Considering a safe and regulated sex work industry

Published Saturday, 28 August, 2021 at 07:00 AM

Attorney-General and Minister for Justice, Minister for Women and Minister for the Prevention of Domestic and Family Violence
The Honourable Shannon Fentiman

The Palaszczuk Government will seek advice on a decriminalised framework for the sex work industry to improve health, safety, human rights and legal protections for workers.

Attorney-General and Minister for Justice Shannon Fentiman today announced she had made a formal referral to the Queensland Law Reform Commission (QLRC) to review and investigate the issue of regulating a decriminalised sex work industry in Queensland and released the Terms of Reference for its review.

“We need to ensure appropriate and modern laws are in place for the industry and its associated safe working arrangements, and that these are also in the best interests of the community,” Minister Fentiman said.

“The review will consider how best to provide appropriate safeguards to protect sex workers.

“Feedback from the sector has been that current laws criminalise safety strategies used by sex workers.

“A key focus of this review is the safety of workers and putting in place proper regulation so the industry doesn’t operate in the shadows.

"Sex workers shouldn’t have to choose between working legally and being safe at work.

“The QLRC will consult with industry workers and licensees, their representative bodies, and other stakeholders as part of the comprehensive process.”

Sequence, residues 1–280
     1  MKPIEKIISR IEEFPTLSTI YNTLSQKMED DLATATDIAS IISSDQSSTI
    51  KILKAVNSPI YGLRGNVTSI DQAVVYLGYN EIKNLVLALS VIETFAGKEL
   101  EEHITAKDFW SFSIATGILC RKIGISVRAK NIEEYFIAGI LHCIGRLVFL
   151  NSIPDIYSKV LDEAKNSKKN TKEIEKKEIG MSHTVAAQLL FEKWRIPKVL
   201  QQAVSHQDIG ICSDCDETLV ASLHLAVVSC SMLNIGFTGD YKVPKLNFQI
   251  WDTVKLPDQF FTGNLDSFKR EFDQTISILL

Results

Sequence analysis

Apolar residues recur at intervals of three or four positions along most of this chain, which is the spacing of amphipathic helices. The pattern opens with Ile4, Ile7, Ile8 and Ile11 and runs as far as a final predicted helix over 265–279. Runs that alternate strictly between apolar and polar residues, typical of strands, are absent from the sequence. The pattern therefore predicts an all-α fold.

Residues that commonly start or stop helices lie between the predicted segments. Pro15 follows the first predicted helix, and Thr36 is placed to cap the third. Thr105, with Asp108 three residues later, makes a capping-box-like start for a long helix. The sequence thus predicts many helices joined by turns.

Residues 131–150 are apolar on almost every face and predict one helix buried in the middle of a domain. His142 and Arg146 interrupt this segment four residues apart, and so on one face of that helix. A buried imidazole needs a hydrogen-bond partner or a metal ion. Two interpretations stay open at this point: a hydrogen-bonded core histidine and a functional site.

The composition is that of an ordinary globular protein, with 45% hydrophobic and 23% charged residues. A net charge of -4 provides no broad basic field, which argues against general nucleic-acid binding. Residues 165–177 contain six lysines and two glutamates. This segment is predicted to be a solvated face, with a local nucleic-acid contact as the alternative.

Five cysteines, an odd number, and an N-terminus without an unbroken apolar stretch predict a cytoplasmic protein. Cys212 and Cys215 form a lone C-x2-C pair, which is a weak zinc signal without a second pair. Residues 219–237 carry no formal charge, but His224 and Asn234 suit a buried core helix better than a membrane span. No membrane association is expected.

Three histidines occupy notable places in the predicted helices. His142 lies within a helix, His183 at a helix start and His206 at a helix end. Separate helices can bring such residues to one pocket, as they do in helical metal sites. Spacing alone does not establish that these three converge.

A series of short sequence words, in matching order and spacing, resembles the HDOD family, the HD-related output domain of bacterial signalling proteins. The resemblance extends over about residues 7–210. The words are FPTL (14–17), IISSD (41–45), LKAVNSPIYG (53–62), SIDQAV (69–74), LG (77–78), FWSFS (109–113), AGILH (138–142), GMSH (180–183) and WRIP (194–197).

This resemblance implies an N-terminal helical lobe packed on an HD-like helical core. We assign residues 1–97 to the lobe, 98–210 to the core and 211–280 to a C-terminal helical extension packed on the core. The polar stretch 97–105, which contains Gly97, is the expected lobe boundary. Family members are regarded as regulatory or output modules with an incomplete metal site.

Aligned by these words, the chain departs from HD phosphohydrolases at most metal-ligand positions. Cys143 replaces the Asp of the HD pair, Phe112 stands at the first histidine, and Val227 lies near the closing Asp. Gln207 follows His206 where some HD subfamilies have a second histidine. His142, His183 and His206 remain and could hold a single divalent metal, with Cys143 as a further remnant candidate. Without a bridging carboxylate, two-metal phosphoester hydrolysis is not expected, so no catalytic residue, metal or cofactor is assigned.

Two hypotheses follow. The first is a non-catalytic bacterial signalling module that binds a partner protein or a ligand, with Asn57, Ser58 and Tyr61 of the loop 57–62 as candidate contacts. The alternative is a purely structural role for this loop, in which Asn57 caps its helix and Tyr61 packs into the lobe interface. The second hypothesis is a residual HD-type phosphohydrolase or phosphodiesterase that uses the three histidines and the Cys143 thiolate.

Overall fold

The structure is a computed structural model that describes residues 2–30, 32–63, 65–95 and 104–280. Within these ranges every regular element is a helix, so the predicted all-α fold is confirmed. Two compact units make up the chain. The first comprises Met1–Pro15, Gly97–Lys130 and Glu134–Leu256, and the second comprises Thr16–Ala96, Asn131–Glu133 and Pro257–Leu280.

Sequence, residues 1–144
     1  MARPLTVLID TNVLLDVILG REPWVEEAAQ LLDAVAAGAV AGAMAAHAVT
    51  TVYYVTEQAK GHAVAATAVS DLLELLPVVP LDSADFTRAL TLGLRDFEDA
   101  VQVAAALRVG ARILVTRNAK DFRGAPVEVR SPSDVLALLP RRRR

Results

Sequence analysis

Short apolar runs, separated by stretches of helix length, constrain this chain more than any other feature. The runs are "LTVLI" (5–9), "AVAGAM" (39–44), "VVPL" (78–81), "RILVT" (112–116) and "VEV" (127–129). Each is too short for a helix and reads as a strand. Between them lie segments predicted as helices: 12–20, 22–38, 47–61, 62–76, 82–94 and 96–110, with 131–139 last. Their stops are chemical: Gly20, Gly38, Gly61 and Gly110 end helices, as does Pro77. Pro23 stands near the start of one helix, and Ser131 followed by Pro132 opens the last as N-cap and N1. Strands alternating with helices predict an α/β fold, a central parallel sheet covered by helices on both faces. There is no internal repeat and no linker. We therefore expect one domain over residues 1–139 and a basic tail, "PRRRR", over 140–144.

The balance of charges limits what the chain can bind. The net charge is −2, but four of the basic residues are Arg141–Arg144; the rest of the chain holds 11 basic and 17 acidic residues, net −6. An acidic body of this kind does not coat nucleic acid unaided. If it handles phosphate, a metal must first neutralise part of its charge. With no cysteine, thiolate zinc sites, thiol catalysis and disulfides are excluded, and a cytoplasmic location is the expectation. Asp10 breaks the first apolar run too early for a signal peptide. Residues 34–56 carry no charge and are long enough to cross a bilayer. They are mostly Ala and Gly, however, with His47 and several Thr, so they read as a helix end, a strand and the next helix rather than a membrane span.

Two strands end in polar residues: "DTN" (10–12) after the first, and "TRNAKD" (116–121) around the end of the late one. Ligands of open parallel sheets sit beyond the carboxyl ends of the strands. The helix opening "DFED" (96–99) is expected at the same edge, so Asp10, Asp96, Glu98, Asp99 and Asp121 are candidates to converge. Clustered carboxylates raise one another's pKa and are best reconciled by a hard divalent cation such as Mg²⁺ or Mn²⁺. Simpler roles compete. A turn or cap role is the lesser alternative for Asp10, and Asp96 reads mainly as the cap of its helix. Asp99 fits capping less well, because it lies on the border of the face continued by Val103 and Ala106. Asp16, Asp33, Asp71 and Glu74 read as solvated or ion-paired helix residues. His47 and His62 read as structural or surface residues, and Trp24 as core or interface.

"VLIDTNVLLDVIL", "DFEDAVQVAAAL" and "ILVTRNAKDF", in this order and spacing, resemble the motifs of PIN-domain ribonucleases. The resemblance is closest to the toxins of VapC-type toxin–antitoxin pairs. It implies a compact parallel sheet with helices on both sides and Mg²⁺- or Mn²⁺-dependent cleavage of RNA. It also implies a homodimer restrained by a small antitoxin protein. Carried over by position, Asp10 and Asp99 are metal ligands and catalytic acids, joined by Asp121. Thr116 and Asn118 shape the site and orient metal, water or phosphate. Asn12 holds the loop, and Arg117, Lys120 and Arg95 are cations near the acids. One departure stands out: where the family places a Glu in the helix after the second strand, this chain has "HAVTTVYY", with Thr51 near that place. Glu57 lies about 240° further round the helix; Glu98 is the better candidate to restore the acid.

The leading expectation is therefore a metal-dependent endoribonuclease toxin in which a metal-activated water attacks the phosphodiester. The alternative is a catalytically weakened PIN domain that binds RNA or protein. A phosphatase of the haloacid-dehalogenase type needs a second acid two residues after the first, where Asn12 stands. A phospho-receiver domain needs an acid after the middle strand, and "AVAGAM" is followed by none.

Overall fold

The Queensland community will have an opportunity to engage with the QLRC on this issue. The QLRC is an independent statutory body that undertakes law reform reviews and provides recommendations, including the drafting of legislation.

Currently there are two legal forms of regulated sex work in Queensland, which include:

  • work provided in a licensed brothel, not including outcalls from the premises; and
  • sole operators, working alone from a premise, providing in-house or outcall services.

Any other form of sex work is illegal in Queensland. This includes escort agencies, unlicensed brothels, massage parlours, street workers (publicly soliciting) and two or more sex workers providing prostitution from a single premises.

In Queensland there are few licensed brothels and most sex work in Queensland occurs outside of the regulated or licensed sector.

The review by the QLRC will consider:

  • An overarching framework and draft legislation;
  • Appropriate safeguards to deter the exploitation of vulnerable people in the sex work industry;
  • Compatibility with the Human Rights Act 2019;
  • Public health and safety implications; and
  • Potential impacts for the sex work industry.

As part of its review, the QLRC will also consider regulatory arrangements in other jurisdictions, including the Northern Territory and New South Wales, which have decriminalised sex work industries.

Minister Fentiman said the review formed part of a commitment by the Palaszczuk Government.

“This is an important step forward allowing us to consider what reform will benefit the industry and the agencies that provide support and regulation,” she said.

“It is our hope that these recommendations will help reduce the barriers sex workers and businesses face.

“These barriers include appropriate access to health, safety and legal protections – which are rights that should be afforded to every Queenslander.”

The Commission will provide its report, including any draft legislation required by 27 November 2022.

Further information about the QLRC and its review can be found at:


Media contact:          Inga Williams              0439 949 719